By Staff Sgt. Jack Sanders, 99 Air Base Wing Public Affairs / Published April 07, 2014
Wounded warrior athletes walk onto the field April 7, 2014, at the Warrior Fitness Center track at Nellis Air Force Base, Nev., as part of the Air Force Wounded Warrior Trials.The trials are an adaptive sports camp used to identify which athletes will be selected as members of the Air Force Warrior Games team and compete against other military branches September 2014. (U.S. Air Force photo/Senior Airman Matthew Lancaster)
Air Force Chief of Staff Gen. Mark A. Welsh III and his wife, Betty Welsh, speak with Jeremiah Means, April 7, 2014, at Nellis Air Force Base, Nev. Means is a participant in the Air Force Wounded Warrior Trials. The trials will feature seven events to include archery, basketball, cycling, track and field, swimming, shooting and volleyball. (U.S. Air Force photo/Senior Airman Jason Couillard)
Air Force Chief of Staff Gen. Mark A. Welsh III and his wife, Betty Welsh, speak with Ramina Oraha April 7, 2014, at Nellis Air Force Base, Nev. Oraha will be competing in the an Air Force Wounded Warrior Trials. (U.S. Air Force photo/Lorenz Crespo)
Master Sgt. Christopher Aguilera lights the cauldron signifying the beginning of the Air Force Wounded Warrior Trails April 7, 2014, at Nellis Air Force Base, Nev. Aguilera, who is a survivor of the June 9, 2010 “Pedro 66” helicopter crash in southwest Afghanistan, will participate in in seven events during the trials. (U.S. Air Force photo/Lorenz Crespo)
NELLIS AIR FORCE BASE, Nev. (AFNS) --
Wounded warriors joined together here April 7 to celebrate the opening ceremonies of the first ever Air Force trials competition at the Warrior Fitness Center.
The trials are an adaptive sports camp used to identify which athletes will be selected as members of the Air Force Warrior Games team and compete against other military branches September 2014. The trials will last through April 11, during which time athletes will compete in seven different events including archery, basketball, cycling, track and field, swimming, shooting and volleyball.
Air Force Chief of Staff Gen. Mark A. Welsh III and Chief Master Sgt. of the Air Force James A. Cody, along with their spouses Betty and Athena, joined Air Force Col. Barry Cornish, the 99th Air Base Wing commander, and Las Vegas community partners to celebrate the opening ceremonies.
“It’s an honor to join you today,” Welsh said. “This is a special week for about 137 people sitting here, but there are some people who’ve worked awfully hard to make it happen. Thank you so much for giving our athletes a chance to compete in a venue like this. I’d also like to thank all of you who are here today specifically, especially family members and friends, brothers, sisters, husbands, wives, sons, daughters, children, even service dogs who are all part of the great survival process. Thanks all of you for what you do for these athletes, and what you will continue to do for these athletes as they challenge themselves and succeeded time after time, after time.”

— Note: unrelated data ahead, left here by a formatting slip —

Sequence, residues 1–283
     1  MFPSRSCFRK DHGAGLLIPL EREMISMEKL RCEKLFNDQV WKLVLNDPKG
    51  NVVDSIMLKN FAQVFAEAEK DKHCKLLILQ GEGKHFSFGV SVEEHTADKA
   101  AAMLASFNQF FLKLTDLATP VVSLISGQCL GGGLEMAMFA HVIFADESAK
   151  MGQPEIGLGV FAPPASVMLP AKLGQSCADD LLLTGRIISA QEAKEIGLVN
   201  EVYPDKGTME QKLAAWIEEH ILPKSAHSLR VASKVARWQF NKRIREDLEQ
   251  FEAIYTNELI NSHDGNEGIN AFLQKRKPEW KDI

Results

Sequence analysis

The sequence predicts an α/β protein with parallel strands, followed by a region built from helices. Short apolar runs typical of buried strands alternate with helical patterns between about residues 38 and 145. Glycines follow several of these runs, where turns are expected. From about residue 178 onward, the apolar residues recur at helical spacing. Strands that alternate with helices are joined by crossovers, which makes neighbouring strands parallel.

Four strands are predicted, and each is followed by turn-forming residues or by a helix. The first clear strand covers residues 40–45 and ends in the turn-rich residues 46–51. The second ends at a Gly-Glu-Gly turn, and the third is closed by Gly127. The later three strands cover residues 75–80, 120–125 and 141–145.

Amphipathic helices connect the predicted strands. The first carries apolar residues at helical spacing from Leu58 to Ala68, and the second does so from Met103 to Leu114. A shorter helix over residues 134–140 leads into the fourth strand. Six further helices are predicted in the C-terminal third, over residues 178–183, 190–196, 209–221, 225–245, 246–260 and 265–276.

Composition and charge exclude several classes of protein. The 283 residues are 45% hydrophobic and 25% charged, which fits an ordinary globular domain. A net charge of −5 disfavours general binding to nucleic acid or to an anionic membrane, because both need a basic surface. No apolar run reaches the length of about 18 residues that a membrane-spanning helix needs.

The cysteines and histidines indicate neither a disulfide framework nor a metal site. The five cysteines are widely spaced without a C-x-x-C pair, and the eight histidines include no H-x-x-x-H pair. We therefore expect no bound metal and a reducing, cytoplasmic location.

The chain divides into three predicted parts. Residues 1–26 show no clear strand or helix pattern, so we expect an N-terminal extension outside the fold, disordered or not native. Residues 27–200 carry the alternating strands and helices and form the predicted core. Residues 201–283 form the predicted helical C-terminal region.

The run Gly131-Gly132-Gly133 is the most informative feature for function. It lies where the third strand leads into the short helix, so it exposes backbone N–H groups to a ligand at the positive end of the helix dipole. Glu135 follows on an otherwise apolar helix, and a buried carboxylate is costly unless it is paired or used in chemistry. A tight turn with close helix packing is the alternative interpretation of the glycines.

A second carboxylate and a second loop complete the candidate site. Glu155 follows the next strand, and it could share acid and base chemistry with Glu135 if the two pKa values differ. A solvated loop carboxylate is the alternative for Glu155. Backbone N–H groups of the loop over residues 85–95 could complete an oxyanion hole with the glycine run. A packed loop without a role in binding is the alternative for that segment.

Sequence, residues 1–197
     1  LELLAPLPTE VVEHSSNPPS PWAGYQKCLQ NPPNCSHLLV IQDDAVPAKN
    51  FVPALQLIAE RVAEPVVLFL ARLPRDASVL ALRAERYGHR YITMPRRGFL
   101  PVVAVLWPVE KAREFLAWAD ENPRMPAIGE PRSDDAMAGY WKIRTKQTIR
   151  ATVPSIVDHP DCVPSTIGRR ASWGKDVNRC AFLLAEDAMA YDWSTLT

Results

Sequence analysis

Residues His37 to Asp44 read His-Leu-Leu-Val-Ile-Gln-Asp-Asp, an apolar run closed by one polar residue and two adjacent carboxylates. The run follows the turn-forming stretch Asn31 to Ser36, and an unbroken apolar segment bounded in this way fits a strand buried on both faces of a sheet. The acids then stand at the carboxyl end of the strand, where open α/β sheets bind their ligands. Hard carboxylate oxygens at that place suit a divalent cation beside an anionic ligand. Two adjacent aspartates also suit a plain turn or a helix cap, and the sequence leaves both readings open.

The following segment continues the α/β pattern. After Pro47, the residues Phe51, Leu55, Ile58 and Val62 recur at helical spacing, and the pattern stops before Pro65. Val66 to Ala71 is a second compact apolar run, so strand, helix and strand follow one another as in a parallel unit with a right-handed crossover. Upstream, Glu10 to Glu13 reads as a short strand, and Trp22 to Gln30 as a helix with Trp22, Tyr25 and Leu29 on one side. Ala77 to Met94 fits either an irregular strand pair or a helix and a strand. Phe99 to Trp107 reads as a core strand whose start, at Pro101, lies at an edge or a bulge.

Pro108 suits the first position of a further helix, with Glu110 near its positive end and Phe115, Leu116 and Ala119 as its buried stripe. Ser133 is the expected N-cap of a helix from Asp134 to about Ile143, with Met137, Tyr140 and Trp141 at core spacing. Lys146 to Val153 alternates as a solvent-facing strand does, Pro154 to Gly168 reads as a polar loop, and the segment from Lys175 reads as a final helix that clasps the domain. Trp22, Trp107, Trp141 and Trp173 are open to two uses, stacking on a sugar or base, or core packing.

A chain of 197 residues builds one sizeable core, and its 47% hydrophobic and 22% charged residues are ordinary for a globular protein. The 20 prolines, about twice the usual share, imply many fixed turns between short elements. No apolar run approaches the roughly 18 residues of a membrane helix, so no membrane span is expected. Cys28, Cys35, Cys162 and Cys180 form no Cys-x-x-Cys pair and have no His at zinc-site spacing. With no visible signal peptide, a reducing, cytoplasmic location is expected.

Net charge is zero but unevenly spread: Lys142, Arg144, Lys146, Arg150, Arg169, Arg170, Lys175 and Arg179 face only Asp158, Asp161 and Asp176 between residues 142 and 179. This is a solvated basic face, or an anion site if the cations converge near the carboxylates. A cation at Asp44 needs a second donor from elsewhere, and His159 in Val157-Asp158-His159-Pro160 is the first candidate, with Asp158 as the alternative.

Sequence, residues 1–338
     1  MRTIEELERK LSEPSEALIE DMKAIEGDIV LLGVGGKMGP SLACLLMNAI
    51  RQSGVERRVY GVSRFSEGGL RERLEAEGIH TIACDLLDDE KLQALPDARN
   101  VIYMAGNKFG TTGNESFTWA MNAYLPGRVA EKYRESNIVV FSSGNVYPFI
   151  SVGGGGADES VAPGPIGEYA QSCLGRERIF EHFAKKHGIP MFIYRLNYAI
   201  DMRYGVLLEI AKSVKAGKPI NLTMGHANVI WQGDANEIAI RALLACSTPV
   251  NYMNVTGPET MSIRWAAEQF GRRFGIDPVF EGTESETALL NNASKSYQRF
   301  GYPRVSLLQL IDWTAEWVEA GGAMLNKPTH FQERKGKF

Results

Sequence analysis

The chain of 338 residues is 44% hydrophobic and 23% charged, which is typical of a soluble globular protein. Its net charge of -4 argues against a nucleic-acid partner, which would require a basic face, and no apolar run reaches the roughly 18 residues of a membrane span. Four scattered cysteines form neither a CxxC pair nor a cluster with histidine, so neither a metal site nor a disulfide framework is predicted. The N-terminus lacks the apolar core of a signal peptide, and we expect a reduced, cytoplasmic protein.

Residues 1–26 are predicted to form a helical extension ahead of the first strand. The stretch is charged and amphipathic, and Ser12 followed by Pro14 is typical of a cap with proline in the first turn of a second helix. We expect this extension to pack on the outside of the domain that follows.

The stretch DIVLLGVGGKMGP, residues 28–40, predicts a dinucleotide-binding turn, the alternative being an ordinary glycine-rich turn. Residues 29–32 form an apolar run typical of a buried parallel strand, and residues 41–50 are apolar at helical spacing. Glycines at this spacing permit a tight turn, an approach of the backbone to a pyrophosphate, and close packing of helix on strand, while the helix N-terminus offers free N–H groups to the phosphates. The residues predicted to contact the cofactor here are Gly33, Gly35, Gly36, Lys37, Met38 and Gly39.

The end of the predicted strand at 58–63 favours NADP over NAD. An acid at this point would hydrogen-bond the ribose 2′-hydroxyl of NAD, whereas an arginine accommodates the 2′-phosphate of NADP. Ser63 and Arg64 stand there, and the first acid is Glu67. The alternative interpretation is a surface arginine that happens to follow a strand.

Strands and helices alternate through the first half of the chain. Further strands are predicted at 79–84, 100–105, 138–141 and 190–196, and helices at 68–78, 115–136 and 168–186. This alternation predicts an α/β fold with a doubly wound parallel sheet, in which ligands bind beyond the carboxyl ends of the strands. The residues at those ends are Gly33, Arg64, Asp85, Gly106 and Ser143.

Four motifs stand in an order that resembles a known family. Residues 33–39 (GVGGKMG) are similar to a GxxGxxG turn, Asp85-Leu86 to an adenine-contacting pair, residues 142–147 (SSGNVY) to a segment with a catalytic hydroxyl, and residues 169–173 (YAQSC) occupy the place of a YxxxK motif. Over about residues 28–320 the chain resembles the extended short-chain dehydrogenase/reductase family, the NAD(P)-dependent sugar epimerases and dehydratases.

Welsh also thanked the Wounded Warrior organization for the remarkable job they do teaching real warriors real skills for real battles of life so they can show the rest of us what real strength is all about.
After the general’s speech, Capt. Tony Simone and Master Sgt. Christopher Aguillera were joined by Carolyn Goodman, Las Vegas Mayor, to light a cauldron signifying the beginning of the Air Force Trials. Both Aguillera and Simone are survivors of the June 9, 2010, “Pedro 66” helicopter crash in southwest Afghanistan that killed five of the seven crewmembers.
After lighting the cauldron, members of 66th Rescue Squadron flew two HH-60G Pave Hawks over the crowd, and Air Force Capt. Michael Ellingsen, a 58th RQS combat rescue officer, and Master Sgt. Corey Kuttie, a 58th RQS pararescueman, rappelled down to deliver two flags bearing the Wounded Warrior program’s motto, “Care Beyond Duty,” to be delivered to Welsh and Cody.
Welsh and Cody then presented the flags to Maj. James Bales and Cami Stock, Wounded Warrior Project coaches, on behalf of the Wounded Warrior Project staff and the many of warriors they have coached.
“My background is as an orthopedic surgeon, and so to come from actually putting these guys back together and seeing what they’re accomplishing today, it’s just an amazing honor to be a part of it,” Bales said. “I see the full circle, and that’s what really inspires me.”
As the ceremony concluded Airmen, Soldiers and civilians gathered to meet with athletes and discuss the games.
“We’re all excited,” said Melissa Guzman, the health information manager and an Air Force Trials athlete. “We’ve all been working hard for this, some of us for a long time. The opening ceremony was humbling. It makes you feel really good to be a part of something and really good to be a part of the Air Force again. It just makes you proud of everyone who’s here. ”
Guzman said it was nice to see Air Force leadership present at the opening ceremony because it shows they truly do care, and they want to be a part of wounded warriors’ life. She said it shows they want wounded warriors to know they are still Air Force members.